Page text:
Original Date: 04/06/1998
Revision Date: 01/18/2007
Information : Ion Vapor Deposition
In 1991, the Anniston Army Depot (ANAD) implemented an initiative to replace the traditional Cadmium plating of components with Ion Vapor Deposition of Aluminum (IVDA). This initiative was funded by the U.S. Army Toxic and Hazardous Materials Agency as a more environmentally friendly and efficient means of protecting component surfaces.
The IVDA process eliminates the inclusion of Zinc (Cadmium) particles in the waste stream. Before IVDA, this waste stream typically consisted of an average flow of 1,000 gallons per day at a cost of $91,250. It reduced personnel contact with Zinc (Cadmium) and Cyanide compounds and met Environmental Protection Agency requirements.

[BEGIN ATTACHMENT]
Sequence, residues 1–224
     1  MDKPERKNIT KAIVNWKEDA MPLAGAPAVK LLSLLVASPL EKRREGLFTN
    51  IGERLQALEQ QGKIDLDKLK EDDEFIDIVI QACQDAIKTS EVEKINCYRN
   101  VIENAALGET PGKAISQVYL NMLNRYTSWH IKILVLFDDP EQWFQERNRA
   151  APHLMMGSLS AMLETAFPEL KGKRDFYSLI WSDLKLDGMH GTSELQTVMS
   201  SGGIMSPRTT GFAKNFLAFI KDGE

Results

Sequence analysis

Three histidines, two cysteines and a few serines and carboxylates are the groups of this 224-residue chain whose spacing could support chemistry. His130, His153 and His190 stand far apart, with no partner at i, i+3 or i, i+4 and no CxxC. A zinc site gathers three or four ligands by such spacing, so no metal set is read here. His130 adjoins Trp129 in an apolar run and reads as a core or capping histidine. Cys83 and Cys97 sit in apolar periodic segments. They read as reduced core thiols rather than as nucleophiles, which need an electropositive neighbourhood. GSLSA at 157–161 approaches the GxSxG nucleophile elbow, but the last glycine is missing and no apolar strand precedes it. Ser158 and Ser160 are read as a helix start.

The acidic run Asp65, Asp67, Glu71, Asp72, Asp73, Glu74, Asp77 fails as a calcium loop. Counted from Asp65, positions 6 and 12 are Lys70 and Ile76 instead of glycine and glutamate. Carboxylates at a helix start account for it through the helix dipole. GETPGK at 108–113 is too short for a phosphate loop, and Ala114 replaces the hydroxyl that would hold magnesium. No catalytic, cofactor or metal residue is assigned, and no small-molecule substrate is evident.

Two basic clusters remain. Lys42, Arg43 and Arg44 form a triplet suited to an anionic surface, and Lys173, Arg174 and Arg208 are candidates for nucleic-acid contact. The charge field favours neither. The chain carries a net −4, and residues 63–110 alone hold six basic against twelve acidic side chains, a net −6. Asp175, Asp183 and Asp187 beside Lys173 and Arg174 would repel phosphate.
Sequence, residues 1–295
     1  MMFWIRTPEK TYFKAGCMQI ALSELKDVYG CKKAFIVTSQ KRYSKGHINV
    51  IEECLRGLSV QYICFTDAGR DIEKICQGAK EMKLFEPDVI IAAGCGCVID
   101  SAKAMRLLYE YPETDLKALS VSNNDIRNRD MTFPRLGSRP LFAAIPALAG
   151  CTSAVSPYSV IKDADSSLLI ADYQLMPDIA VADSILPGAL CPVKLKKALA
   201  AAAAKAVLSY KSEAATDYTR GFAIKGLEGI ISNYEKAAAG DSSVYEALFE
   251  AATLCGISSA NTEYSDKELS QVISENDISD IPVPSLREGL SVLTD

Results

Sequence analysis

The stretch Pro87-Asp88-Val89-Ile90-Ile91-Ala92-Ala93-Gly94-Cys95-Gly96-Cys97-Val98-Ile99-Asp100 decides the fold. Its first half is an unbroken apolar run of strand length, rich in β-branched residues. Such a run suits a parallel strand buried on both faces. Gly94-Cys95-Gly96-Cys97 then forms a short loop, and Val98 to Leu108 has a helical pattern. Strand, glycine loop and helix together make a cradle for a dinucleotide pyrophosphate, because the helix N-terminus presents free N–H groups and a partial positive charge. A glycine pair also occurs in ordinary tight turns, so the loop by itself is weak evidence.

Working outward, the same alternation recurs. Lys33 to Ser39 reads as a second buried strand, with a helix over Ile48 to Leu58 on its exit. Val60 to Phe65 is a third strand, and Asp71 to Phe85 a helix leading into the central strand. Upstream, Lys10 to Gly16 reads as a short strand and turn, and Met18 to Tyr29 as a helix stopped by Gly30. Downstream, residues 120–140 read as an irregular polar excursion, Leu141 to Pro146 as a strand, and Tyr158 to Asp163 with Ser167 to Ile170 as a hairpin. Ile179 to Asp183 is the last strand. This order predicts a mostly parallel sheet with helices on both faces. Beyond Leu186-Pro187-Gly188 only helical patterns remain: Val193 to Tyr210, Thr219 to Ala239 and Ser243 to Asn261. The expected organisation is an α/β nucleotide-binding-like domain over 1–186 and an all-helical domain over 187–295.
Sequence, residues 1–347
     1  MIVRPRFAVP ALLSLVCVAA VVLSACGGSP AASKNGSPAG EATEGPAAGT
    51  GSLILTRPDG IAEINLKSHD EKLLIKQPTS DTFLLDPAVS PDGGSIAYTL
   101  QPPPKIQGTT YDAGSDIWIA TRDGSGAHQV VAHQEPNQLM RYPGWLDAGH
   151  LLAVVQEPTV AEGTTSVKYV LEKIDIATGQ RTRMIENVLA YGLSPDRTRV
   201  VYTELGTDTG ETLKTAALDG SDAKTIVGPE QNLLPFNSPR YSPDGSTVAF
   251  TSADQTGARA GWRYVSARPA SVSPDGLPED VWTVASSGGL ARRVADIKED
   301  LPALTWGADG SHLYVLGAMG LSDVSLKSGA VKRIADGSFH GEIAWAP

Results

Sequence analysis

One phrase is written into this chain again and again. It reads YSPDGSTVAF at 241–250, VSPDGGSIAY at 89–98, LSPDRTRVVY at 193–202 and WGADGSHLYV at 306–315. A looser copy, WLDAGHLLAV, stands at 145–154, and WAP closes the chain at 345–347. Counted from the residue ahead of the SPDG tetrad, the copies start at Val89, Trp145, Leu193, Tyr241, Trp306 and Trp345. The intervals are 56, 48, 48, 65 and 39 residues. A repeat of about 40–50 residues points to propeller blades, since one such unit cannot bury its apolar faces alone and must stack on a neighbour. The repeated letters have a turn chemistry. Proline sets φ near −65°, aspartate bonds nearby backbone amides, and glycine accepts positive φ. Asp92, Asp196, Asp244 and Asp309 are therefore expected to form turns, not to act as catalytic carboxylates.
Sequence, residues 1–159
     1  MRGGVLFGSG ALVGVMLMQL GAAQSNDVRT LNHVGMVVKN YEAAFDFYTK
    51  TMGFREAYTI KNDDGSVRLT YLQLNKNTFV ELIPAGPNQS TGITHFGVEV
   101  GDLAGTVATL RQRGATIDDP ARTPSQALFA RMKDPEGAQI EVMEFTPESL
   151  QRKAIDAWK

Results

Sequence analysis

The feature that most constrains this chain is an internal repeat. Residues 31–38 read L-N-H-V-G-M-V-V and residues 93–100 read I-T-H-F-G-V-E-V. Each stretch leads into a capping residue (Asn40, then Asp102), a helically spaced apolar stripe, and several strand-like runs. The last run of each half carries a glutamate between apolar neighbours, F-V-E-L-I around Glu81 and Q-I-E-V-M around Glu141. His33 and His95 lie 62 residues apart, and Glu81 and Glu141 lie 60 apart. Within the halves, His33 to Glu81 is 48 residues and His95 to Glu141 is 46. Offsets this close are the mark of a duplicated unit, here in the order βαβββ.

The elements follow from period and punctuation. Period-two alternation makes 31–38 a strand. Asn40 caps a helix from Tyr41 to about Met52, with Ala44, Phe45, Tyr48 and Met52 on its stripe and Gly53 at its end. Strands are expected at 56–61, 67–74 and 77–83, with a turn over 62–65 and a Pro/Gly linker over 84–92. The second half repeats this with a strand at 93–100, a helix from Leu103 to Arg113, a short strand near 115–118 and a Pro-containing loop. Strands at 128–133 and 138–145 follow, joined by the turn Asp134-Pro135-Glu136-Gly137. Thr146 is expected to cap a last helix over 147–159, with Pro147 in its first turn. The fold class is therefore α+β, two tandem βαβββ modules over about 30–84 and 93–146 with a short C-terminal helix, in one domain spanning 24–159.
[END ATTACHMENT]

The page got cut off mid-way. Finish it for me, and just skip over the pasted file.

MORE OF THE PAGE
Several other benefits of IVDA, as opposed to Cadmium, have been realized. Corrosion protection of components was increased by as much as 400%. The components’ surface temperature capabilities have doubled, and the introduction of Hydrogen and the resultant embrittlement of parts have been eliminated. Parts are loaded onto racks on air pallets that are then loaded into the sealed vacuum chamber.
Cadmium plating is still a requirement in some cases, and use of IVDA has to be approved on a part-by-part basis by the Program Manager.
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